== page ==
If only …

Ladies and gentlemen, members of the press, I thank you for your time. I have called this conference in the shadows of what all Americans must realise is a tragic moment in our nation’s history. Yet, regrettably, it is not rare. Too often has violence touched the lives of the citizens of this great country, and, once more, we are left dealing with the emotional and physical toll of a national tragedy.

Before I move any further through this, I would like to send out my most sincere condolences and support to those families so grievously affected by the events in Tuscon, Arizona. The prayers, support, and thoughts not just of me and my family, but of all Americans who value everything this country stands for, are directed to you all. You do not suffer in this tragedy alone and all of those around you, from both sides of politics, from all walks of life, and from all parts of this country are ready to help you in any way that you can.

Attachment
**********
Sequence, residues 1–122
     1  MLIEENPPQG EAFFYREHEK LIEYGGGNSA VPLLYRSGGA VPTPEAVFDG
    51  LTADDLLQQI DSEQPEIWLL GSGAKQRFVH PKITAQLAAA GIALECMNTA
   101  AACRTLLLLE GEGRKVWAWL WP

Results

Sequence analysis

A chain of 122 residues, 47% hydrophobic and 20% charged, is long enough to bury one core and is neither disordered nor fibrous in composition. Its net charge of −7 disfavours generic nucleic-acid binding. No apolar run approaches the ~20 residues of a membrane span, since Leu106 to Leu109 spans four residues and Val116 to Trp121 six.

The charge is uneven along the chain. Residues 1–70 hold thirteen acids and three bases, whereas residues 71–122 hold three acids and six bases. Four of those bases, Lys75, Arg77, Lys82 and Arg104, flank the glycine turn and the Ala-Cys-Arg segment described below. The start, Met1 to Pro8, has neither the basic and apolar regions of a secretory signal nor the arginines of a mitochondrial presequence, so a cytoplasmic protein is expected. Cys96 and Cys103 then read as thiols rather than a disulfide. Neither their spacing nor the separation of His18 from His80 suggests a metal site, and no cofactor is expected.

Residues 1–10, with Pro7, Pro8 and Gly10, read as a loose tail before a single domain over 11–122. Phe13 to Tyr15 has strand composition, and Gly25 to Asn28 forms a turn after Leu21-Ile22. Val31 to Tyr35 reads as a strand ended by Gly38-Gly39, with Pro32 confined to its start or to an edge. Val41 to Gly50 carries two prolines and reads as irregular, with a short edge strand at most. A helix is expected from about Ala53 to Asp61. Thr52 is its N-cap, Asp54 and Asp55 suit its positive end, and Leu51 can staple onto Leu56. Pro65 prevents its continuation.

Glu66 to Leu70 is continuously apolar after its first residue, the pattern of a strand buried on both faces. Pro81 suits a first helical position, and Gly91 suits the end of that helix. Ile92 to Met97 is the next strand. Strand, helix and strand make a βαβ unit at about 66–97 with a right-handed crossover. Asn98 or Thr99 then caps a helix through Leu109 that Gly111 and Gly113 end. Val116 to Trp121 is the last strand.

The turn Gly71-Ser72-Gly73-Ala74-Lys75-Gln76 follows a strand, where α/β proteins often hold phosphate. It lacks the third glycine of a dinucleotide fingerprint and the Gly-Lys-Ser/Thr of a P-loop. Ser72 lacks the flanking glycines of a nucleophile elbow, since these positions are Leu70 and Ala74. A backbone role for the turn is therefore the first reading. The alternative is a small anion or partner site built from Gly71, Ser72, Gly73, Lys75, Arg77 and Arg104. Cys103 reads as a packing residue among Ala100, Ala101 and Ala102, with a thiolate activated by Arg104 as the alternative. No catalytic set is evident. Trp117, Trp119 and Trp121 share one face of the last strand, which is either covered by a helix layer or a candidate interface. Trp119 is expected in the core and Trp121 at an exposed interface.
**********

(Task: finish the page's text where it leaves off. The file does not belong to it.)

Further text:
I offer my own initial support and help to you by ways of an apology. For too long now has the political climate and the  media’s rhetoric been at such a vitriolic state that the tenants which we Americans know our country to be founded on have been corroded away. A state exists now where only the most ugly, violent, and vehement of voices ring out the loudest. For my part in this, for my part in contributing to this overwhelming voice of hatred and disgust and attack, I have but three humble words:

I am sorry.

I am sorry that I have contributed to a society that fosters hatred between us fellow citizens. I am sorry that I have contributed to a community that feels it proper to take violent action against those that serve us. I am sorry that I have contributed to a message that has continued to slander those that disagree with me and aggrandised those that do agree with me. I apologise to those in my party and I apologise to those of the opposite side of the political spectrum. But most of all, I apologise to you, the American people, for failing in my duty to help make the United States of America everything that we all hope it to be.